The nearby tower outside the cathedral is also worth a visit. Dating back to the 13th century, it houses the 17th Century Emmanuel Bell as well as Viollet-le-Duc’s 19th century chimera and gargoyles. Those feeling particularly fit can climb its 387 steps for magnificent views.
Also recommended is the archeological crypt just to the west of Notre Dame Cathedral and located under the Parvis. This underground crypt was built to protect ancient ruins found in 1965 and can be accessed via a staircase opposite Notre Dame Cathedral, near the Police Headquarters.
Finally, Notre Dame’s Treasury houses some of the relics of the Passion of Christ including the famous Crown of Thorns …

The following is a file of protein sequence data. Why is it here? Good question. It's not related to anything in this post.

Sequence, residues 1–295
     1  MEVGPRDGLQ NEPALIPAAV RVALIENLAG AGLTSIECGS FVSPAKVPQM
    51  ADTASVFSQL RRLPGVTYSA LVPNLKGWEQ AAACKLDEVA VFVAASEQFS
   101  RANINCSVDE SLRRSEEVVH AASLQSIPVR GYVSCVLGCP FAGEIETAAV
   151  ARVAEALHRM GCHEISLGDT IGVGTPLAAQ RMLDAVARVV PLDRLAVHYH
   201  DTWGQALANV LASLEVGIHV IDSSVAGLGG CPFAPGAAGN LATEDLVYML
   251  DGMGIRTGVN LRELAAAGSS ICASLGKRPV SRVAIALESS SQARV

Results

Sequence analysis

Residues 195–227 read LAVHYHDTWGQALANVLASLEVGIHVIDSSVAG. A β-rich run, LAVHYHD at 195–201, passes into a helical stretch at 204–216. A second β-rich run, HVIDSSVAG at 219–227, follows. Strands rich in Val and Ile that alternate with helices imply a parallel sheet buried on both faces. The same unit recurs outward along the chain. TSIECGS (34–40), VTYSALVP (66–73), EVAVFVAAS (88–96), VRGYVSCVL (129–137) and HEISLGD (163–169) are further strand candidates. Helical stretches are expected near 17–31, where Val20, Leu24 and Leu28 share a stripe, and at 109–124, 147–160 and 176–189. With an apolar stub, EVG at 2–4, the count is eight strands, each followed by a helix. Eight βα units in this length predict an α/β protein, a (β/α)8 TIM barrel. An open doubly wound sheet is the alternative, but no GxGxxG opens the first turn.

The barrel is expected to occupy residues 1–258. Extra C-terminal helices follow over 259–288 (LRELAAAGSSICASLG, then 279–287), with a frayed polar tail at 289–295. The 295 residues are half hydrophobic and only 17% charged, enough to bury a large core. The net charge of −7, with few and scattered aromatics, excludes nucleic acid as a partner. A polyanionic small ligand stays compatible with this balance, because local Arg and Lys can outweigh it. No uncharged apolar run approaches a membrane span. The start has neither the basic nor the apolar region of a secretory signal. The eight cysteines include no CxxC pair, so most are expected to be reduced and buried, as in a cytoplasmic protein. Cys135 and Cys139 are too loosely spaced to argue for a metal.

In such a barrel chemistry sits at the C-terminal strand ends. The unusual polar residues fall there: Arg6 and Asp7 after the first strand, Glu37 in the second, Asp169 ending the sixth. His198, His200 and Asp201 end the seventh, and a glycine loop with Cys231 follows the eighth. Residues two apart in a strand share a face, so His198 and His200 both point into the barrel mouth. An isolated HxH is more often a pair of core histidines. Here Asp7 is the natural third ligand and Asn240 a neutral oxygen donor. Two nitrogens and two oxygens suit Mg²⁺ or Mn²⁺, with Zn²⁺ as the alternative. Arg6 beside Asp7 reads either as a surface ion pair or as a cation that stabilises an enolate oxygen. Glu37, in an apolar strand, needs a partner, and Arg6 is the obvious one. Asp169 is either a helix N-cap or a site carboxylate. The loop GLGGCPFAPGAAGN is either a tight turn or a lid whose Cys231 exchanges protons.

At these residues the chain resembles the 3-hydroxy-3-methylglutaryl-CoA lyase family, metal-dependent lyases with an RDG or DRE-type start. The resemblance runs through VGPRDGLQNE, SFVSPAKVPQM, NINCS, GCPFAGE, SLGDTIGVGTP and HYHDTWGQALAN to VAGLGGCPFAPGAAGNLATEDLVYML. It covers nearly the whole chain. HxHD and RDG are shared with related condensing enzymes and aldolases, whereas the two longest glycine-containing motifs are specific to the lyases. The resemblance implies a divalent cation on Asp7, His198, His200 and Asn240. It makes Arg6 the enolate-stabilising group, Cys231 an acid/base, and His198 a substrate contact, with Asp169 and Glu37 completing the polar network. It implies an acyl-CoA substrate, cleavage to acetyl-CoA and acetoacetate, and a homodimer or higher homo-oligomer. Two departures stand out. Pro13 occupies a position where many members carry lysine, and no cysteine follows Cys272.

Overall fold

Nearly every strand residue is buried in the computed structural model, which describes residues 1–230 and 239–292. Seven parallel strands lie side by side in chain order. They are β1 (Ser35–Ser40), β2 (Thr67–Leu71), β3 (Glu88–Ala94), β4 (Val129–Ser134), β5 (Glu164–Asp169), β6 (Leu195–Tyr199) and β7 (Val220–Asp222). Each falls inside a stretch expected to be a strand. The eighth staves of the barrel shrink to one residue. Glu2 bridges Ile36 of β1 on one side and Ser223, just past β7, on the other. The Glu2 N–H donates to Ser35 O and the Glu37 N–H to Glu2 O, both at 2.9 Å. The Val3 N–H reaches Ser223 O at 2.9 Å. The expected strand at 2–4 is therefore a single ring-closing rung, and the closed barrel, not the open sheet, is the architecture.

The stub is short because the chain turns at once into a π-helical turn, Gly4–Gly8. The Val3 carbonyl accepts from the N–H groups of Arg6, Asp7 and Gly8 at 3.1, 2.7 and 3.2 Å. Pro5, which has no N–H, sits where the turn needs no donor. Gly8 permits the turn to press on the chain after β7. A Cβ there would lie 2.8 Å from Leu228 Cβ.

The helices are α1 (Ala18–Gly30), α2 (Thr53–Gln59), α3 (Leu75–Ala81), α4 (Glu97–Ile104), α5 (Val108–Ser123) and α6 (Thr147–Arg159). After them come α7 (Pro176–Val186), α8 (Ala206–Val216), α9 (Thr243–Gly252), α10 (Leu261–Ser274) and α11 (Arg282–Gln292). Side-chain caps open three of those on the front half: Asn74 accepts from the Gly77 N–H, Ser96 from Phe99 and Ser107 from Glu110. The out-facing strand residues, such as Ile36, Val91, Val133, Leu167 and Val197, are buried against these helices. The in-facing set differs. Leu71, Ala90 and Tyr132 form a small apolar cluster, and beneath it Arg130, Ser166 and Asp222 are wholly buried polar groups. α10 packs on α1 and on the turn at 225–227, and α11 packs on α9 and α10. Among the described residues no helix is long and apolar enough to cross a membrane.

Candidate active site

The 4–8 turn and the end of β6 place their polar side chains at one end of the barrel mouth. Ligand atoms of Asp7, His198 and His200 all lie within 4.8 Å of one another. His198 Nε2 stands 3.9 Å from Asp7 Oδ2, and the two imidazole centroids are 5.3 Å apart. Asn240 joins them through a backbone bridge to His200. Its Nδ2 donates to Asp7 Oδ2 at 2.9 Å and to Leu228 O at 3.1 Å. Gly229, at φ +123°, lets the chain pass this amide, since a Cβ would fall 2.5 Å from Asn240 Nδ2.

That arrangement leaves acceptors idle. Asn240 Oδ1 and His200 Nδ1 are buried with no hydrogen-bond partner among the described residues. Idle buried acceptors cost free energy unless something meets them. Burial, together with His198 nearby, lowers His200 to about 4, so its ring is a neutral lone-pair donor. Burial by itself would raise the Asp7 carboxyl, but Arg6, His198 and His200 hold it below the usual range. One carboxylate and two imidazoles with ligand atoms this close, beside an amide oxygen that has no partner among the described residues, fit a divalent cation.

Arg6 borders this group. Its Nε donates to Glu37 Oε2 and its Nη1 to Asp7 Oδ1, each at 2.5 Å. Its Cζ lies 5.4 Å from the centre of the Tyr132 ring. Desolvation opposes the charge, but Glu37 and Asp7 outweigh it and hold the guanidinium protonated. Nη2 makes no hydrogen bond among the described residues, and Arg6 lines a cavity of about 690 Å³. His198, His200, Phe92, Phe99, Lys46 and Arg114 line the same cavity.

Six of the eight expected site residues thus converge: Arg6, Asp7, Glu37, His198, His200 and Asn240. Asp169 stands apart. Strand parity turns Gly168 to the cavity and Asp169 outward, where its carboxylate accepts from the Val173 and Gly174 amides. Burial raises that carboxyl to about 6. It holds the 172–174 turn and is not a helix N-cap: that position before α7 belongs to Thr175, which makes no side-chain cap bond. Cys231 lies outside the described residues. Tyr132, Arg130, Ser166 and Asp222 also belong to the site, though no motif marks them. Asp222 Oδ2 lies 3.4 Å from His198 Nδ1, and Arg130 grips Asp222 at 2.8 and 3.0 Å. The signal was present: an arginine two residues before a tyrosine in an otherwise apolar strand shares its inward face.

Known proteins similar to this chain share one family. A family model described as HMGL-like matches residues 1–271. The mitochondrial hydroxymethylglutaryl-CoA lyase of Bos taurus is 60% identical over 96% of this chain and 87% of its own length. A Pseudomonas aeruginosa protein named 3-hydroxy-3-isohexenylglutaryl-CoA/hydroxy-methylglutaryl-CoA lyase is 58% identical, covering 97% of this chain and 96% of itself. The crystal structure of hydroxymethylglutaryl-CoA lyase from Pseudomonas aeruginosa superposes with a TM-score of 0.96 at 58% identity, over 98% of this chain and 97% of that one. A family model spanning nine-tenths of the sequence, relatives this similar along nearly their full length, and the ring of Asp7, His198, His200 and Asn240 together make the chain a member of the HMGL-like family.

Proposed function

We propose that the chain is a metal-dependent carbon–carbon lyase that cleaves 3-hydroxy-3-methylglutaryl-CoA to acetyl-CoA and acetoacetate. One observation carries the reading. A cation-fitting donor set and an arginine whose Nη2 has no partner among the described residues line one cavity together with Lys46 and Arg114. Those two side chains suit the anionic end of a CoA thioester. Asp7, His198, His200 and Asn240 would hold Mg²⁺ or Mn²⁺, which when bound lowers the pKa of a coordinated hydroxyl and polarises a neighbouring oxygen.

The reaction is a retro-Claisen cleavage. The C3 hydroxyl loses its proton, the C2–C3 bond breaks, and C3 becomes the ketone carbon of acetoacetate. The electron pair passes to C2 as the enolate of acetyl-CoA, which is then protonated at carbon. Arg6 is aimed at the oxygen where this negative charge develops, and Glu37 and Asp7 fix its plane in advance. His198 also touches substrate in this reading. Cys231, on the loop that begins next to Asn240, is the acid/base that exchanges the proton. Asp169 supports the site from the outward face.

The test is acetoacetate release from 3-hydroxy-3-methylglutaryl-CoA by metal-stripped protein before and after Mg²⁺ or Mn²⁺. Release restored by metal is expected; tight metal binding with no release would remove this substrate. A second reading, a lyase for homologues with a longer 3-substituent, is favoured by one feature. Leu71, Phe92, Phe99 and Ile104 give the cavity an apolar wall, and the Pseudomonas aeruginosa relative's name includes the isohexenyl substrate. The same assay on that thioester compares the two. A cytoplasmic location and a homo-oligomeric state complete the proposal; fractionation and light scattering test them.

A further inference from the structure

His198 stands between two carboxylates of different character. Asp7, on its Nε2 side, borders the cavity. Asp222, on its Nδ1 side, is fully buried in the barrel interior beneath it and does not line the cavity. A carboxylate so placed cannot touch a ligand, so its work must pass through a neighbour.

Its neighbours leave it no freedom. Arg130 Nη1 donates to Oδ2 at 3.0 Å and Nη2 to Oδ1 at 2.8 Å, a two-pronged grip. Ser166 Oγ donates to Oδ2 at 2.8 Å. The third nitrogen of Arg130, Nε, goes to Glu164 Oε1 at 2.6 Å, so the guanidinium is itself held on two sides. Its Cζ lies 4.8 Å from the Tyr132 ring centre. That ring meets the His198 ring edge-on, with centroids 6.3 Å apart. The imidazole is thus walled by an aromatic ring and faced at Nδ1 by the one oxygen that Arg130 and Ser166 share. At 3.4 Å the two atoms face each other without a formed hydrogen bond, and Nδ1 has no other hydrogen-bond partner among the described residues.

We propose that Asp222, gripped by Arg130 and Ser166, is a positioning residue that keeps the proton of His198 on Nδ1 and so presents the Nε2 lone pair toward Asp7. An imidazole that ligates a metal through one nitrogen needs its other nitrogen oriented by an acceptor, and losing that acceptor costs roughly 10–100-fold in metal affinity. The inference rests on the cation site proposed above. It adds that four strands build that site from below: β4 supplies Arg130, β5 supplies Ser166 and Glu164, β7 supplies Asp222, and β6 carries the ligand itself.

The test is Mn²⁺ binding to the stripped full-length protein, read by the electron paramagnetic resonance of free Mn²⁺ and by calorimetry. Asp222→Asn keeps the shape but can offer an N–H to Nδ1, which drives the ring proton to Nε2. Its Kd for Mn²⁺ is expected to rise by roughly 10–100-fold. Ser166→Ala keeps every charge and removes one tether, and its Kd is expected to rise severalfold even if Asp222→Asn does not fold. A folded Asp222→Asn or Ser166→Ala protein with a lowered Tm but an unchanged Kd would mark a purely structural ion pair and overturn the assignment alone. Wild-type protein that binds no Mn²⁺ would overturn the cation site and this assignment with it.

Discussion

Sainte Chapelle or the “Holy Chapel” is a gothic church built by Saint Louis in Ile de la Cité in the centre of Paris.
The construction of Sainte Chapelle began in 1246 under the orders of King Louis IX, and was carried out with the specific purpose of housing the relics of the Passion of Christ, including the Crown of Thorns and a fragment of the true cross. In fact, even by the time Sainte Chapelle was consecrated on 26 April 1248, at a cost of 40,000 livres, this expense paled in comparison to the 135,000 livres which these relics cost when bought from the Byzantine emperor Baldwin II.
The relics are now housed in the Treasury at the Notre Dame Cathedral, but there are still many attractions in Sainte Chapelle. With its two impressive upper and lower chapels and imposing gothic architecture, Sainte Chapelle a top tourist attraction.
Audio tours are available guiding visitors through and explaining the significance of its colourful stained glass windows and statues. In particular, the windows at Sainte Chapelle depict over a thousand images relating to the Old Testament and the Passion of Christ …